Minich, 31, was placed in isolation for reasons that included “bothering other patients,” having seizures; yelling; licking the floor; having auditory hallucinations and other non-violent behavior, according to a separate lawsuit filed March 31 by his family.
"People say it's a hospital, but it's not a hospital. It's a prison," his mother, Joanne Minich told ABCNews.com at the time. "I don't think they are helping him at all. It's torture."
He has since been transferred out of Bridgewater State and placed in another facility.
Among other things, the plaintiffs are asking for a complete overhaul of how isolation and restraint are administered at Bridgewater State Hospital, including the appointment of a monitor entitled to make unannounced visits to the facility and report back to the court. The plaintiffs also want to be transferred to a therapeutic facility not run by the DOC.
They have also asked the court to issue a permanent injunction against transferring any mentally ill individual from a DMH facility to Bridgewater, unless they have been convicted of a crime.
“It’s just unbelievable,” lawyer MacLeish said of the treatment of the mentally ill. “There are patients like this all over the country who would go to group care facilities run by the department of development services. They deal with people with behavior management problems and intellectual disabilities.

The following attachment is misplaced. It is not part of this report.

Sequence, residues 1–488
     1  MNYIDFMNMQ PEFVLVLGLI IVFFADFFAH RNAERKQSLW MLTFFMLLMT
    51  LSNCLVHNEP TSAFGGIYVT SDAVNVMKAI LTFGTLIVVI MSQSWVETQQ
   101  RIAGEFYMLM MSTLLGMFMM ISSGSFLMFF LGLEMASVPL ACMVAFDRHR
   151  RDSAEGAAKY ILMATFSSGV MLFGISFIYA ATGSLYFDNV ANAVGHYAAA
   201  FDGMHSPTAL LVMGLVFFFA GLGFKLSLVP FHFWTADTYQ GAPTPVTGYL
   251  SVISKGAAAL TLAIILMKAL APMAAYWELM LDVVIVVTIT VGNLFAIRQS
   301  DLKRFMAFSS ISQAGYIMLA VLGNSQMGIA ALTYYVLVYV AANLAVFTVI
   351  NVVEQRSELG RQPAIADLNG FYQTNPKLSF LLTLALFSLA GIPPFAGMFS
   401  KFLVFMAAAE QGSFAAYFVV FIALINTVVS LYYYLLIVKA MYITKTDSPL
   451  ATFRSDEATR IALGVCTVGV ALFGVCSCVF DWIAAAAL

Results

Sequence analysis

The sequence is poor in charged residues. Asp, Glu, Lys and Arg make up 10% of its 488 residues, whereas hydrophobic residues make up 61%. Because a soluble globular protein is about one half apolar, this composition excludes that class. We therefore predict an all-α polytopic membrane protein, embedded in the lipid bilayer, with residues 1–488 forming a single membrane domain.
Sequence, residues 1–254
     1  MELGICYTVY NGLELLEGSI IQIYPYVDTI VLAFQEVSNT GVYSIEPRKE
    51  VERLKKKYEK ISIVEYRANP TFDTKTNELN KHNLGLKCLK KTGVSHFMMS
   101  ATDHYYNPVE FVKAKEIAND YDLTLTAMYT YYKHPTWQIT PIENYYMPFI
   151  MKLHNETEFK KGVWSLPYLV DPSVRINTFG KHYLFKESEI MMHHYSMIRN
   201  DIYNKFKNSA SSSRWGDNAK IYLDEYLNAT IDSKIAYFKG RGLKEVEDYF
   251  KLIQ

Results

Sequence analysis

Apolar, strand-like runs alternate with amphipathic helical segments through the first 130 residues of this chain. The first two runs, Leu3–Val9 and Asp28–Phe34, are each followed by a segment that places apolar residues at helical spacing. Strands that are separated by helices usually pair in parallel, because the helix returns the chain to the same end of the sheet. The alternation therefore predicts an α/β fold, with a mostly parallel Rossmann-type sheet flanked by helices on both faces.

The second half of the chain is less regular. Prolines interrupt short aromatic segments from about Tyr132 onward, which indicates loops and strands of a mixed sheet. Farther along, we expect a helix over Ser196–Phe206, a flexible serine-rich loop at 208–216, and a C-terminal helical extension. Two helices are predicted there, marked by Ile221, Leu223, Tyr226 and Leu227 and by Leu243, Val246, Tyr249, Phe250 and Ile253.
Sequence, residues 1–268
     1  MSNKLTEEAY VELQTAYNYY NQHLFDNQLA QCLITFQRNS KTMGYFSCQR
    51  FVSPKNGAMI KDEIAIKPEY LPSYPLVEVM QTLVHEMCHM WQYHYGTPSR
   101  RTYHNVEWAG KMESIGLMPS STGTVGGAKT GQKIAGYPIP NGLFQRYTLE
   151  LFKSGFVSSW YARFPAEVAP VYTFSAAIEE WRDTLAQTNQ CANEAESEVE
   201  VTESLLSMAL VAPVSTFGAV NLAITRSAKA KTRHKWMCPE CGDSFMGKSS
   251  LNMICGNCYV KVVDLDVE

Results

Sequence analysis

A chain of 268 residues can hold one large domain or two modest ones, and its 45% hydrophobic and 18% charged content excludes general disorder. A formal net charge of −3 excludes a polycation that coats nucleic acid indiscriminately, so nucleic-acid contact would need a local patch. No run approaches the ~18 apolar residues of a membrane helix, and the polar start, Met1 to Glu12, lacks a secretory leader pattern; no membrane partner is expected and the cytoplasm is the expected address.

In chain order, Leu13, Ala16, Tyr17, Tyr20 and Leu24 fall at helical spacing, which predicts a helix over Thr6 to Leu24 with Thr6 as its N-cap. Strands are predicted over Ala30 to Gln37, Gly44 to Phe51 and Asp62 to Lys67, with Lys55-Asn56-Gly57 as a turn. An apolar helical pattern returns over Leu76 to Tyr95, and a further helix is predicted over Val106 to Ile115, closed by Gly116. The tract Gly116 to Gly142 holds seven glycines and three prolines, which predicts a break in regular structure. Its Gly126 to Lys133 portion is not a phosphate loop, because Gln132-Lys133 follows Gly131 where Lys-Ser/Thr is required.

“The governor has been aware of this for months, if not years, and nothing is being done,” he said. “It is definitely in our social contract to provide services for our more vulnerable people.”
Rachael Dane Neff, a spokeswoman for the Gov. Deval Patrick, said today he "had been clear that seclusion and restraint should only be used for the most exceptional situations, and only as a measure of last resort to keep individuals from harming themselves or others. We are committed to ensuring individuals suffering from mental illness are provided the appropriate treatment in the appropriate settings.”